3 tips to help someone with a Drug Addiction

What’s the first thing that you think of when someone mentions that they have a problem with drugs? Chances are good that you think of a lot of illegal drugs, but they aren’t the only danger to be wary of: prescription drugs have their share of abuse problems as well. Over 52 million Americans have used prescription medications non-medically over the course of their lives, for various recreational purposes.

drug addiction

Clearly, there needs to be a conversation taking place, but the problem is that a lot of people don’t know what that conversation should be. We don’t know how to approach people that are clearly suffering. The addictive nature of both prescription and illegal drugs is well documented, but that doesn’t mean that sitting down with a friend or loved one is any easier. The person is in the grips of powerful addictive drugs, and those drugs do not let go easily. But there is light at the end of the tunnel: there are plenty of people that have managed to overcome a drug addiction. Want help approaching this conversation? Here are three real world tips to help someone battle a drug addiction effectively.

1. Be Available

Everyone battling addiction is going to have different preferences. Some people want to stay up all night talking through their problems, while other people just want to sit in silence. But that doesn’t mean that you have to let them go through it alone. Be available as much as you can, and be flexible when they ask for something. Addiction disrupts a lot of normal functions of life. Maybe they don’t want to eat alone, so you can cook a small meal for the two of you.

Read more3 tips to help someone with a Drug Addiction

Here’s why the functional drug addict idea is a dangerous myth

Society paints the picture of a functional drug addict, similar to the role of Dr. Gregory House on House. We see smart people, with plenty of talent that are portrayed with drug problems. They’re labeled as functional drug addicts to give a sort of odd contrast against what we stereotype as the “bad” addict: the ones that can’t hold employment, that can’t keep their promises, that can’t take care of families.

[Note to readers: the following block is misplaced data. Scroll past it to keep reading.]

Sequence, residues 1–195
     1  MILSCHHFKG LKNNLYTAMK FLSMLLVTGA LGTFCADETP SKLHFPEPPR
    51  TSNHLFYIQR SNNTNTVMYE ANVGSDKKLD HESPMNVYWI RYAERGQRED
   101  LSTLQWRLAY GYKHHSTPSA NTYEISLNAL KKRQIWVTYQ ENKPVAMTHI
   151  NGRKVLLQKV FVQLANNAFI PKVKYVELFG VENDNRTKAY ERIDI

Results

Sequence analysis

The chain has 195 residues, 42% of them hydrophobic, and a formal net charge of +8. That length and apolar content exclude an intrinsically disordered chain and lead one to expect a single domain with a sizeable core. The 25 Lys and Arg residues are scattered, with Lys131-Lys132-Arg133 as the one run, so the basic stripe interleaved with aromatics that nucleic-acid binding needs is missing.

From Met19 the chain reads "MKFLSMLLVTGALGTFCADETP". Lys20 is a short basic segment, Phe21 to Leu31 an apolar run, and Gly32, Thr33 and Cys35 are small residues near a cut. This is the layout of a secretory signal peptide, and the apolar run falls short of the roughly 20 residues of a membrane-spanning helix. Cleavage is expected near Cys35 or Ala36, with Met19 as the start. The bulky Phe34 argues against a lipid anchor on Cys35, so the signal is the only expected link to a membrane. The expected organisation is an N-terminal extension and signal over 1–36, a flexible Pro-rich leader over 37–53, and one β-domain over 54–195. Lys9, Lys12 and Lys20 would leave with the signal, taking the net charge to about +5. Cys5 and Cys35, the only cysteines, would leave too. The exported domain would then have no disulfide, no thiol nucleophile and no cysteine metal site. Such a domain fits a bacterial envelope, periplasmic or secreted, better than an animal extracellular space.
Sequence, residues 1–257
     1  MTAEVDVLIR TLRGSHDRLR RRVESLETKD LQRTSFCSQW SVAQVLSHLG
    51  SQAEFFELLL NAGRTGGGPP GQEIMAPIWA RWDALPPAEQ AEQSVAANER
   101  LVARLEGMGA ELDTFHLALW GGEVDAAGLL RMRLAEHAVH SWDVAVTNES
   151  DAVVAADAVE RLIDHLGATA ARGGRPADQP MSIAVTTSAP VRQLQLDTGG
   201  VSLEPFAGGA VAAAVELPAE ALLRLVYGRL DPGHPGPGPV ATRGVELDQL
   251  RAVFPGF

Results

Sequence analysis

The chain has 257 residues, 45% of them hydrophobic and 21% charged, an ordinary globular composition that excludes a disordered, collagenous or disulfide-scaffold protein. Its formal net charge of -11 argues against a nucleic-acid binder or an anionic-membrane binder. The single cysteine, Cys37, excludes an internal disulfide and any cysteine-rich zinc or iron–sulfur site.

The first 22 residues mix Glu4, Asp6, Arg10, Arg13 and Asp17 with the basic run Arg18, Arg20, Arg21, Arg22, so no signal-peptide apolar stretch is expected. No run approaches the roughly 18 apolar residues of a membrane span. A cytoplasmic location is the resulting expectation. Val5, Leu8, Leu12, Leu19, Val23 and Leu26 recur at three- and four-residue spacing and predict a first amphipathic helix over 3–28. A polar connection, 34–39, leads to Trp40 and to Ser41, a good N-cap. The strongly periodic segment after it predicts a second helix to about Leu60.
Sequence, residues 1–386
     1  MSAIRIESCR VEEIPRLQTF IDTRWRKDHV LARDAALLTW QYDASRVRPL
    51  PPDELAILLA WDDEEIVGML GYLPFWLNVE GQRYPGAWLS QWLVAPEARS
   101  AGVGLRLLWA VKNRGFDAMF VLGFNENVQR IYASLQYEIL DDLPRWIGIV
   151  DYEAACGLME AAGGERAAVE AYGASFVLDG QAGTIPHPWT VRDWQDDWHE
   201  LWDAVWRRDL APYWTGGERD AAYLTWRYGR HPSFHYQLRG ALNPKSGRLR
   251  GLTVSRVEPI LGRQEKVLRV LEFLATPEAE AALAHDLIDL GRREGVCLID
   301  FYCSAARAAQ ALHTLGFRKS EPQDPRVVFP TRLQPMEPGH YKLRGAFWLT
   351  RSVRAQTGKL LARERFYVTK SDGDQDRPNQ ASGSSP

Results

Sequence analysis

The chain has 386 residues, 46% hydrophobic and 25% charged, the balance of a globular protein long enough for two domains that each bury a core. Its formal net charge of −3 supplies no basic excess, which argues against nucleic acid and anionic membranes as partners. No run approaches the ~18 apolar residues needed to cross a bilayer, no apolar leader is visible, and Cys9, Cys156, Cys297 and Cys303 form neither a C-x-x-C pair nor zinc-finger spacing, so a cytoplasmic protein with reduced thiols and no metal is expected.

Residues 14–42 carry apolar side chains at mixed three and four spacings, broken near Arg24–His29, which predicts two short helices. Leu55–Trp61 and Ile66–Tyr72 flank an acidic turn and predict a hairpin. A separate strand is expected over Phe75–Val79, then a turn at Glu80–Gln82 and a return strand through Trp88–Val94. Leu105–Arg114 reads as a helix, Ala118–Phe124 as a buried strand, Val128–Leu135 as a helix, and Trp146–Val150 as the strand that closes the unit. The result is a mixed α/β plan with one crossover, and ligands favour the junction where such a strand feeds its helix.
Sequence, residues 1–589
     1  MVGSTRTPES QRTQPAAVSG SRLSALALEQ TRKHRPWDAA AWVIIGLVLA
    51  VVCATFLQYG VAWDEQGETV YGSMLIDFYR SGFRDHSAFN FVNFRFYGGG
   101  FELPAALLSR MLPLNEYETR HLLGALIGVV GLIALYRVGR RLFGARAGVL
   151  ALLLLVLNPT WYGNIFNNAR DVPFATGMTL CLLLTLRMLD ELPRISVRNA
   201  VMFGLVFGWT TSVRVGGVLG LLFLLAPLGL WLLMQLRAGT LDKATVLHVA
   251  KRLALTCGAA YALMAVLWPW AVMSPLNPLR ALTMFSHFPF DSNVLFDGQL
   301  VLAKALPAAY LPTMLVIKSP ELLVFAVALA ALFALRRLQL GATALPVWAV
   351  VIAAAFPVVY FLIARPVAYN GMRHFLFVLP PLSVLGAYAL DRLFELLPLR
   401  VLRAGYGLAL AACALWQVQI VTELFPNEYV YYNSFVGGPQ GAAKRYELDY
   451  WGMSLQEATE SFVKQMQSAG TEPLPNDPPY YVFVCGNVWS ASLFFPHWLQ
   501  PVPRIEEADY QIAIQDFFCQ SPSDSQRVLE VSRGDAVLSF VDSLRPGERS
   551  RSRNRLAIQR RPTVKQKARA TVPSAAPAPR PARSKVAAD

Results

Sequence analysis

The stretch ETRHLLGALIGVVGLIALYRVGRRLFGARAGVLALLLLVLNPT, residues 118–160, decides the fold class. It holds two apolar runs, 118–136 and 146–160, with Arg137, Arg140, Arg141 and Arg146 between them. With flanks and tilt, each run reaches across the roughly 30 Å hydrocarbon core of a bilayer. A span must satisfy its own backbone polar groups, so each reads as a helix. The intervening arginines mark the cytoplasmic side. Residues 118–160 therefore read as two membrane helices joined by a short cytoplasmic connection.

functional drug addict

The truth couldn’t be more different. The “bad” addicts are simply the ones most visible to us because they’re struggling. We need to think carefully on the so-called functional addict, because they are living a very dangerous myth. The idea that everything is okay because you’re able to pay your bills and provide some sort of care for children is ridiculous. The reality is this: addiction matters no matter how your life appears to the untrained eye.

A high functioning addict is still ruled by their addiction. Don’t believe us? Just try to take away their substance of choice and see how they react. They’re not going to necessarily be happy about it, and we shouldn’t assume that they don’t need help simply because they’ve been able to hide so many signs.

Another reason to not discount the high functioning addict is simple: their bodies are still facing the damage caused by a drug addiction. It’s important to still reach out to family members that are struggling, even if they look “fine”. People have gotten very good at hiding their issues, and acting as if they don’t need to seek out help. The high functioning addict may also feel that we don’t take them as seriously because their lives haven’t completely fallen apart. If that’s the case with you, then you need to look at things in a different way.

Read moreHere’s why the functional drug addict idea is a dangerous myth